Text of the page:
# Deriving/finding the value of an integral if an integral definition of $~\pi~$ is already given.

I am currently reading Tom Apostol's Calculus Vol.1 and I am somehow stuck on this problem: Having defined $$\pi = 2 \int_{-1}^{1}{\sqrt{1-x^2}dx}~~,$$ use the properties of the integral to compute the following in terms of $$~\pi~$$: $$\int_{-3}^{3}{\sqrt{9-x^2}dx}$$ The properties that have been shown so far in this book are: $$\int_a^b{\sum_{k=1}^n{c_kf_k(x)dx} = \sum_{k=1}^nc_k\int_a^bf_k(x)dx}$$ $$\int_a^b{f(x)dx}+\int_b^c{f(x)dx} = \int_a^c{f(x)dx}$$ $$\int_a^b{f(x)dx}=\int_{a+c}^{b+c}{f(x-c)dx}$$ $$\int_a^b{g(x)dx} \leq \int_a^b f(x)dx\;\text{If}\; g(x) \leq f(x)$$ Along with proofs of these theorems.

Edit from OP: I have forgotten a property like a dummy. The missing one is: $$\int_a^b{f(x)}dx={\frac{1}{k}\int_{ka}^{kb} f(\frac{x}{k})dx}$$ Sorry for the mistake.

Now since the integrand here is represented by a semi-circle of radius $$~3~$$, it is fairly obvious that the anwser is $$~\frac{9\pi}{2}~$$ .

Yet I can't seem to be able to use the aforementioned properties to find it in the way that author wants me to.

I assumed that I could somehow derive the following formula : $$9\int_{-1}^1\sqrt{1-x^2}dx = \int_{-3}^{3} \sqrt{9-x^2}dx$$ And it would follow that the anwser was $$\frac{9\pi}{2}$$ ,but I keep hitting dead ends.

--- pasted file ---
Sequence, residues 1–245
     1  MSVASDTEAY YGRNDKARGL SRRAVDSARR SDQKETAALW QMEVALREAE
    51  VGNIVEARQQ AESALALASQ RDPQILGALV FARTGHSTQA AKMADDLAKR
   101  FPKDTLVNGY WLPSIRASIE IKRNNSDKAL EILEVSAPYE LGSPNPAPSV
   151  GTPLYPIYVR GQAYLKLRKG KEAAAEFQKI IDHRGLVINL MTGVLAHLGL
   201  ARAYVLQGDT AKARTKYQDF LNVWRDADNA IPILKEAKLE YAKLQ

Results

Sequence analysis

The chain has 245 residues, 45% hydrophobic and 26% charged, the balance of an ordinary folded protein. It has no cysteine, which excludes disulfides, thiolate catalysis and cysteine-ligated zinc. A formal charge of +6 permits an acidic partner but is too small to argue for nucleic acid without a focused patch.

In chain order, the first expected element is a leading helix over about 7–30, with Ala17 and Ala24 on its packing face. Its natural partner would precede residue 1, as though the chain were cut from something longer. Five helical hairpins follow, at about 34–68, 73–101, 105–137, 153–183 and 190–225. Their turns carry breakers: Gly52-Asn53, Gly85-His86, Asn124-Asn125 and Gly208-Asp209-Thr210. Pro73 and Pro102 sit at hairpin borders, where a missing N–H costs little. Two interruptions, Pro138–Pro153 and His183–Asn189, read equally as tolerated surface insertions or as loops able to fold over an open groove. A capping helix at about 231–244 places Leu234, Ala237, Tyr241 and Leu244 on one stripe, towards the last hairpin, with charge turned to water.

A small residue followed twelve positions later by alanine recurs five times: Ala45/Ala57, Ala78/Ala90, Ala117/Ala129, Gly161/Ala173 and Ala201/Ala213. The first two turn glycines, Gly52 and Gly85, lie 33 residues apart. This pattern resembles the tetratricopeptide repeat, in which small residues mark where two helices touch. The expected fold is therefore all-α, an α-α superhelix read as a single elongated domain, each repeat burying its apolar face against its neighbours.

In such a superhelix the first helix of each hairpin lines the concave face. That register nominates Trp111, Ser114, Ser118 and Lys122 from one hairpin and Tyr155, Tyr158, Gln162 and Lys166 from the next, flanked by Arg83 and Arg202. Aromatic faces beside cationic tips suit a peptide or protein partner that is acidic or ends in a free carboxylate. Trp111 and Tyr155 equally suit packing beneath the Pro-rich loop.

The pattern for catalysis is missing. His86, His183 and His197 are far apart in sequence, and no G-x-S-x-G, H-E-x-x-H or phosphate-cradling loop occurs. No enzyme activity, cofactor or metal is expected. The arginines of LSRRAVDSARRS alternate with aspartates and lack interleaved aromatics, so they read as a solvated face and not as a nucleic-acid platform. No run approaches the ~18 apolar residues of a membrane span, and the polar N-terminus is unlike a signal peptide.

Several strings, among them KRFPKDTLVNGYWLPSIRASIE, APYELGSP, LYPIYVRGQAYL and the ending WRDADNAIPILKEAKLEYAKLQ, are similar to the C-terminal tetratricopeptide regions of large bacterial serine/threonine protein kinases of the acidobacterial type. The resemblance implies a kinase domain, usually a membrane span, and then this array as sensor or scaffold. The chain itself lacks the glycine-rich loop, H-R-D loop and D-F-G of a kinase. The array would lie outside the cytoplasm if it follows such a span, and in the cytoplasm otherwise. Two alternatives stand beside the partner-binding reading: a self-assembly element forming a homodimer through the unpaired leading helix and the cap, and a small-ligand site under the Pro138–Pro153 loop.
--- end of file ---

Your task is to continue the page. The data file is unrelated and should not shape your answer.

Could somebody please explain to me the method (involving only the aforementioned properties) that should be used to solve this?

I've been sitting on this for a while and I'm wondering if this is simply a case of not being able to find the right numbers or if I am simply not on the right track.

P.S.: This is my first post here/first time using Mathjax, so please excuse/point out any mistakes I might have made in the formulas.

• Frankly I'm going to be honest with you and say I'm not really sure either. The obvious idea is to use linear u-substitution:$$\int_{ma}^{mb}mf(mx)~\mathrm dx=\int_a^bf(x)~\mathrm dx$$which is straightforward to prove from Riemann sums. Looking at the given integral properties however, I'm curious as to how the last one might play into this. My intuition says squeeze theorem, but first we need to convert the bounds from $[-3,3]$ to $[-1,1]$, which can only be done by the second property; none of the other properties change the size of the interval we are working with. Jul 17, 2019 at 2:35

With those properties is not possible to prove this, in fact you could prove first this one : $$\int_{ca}^{cb} f(x)dx =c \int_a^b f(cx)dx \quad , \ c\geq 0$$ After that, note that $$\int_{-3}^3 \sqrt{9-x^2}\ dx = \int_{-3}^3 \sqrt{9\left( 1-\frac{x^2}{9} \right)} \ dx =3 \int_{-3}^3 \sqrt{1-\left( \frac{x}{3} \right)^2 }\ dx$$ and apply the previous "property" for $$c=3$$.
Finally, you would end up with the latter being equal to $$9 \int_{-1}^1 \sqrt{1-x^2} \ dx = \frac{9\pi}{2}$$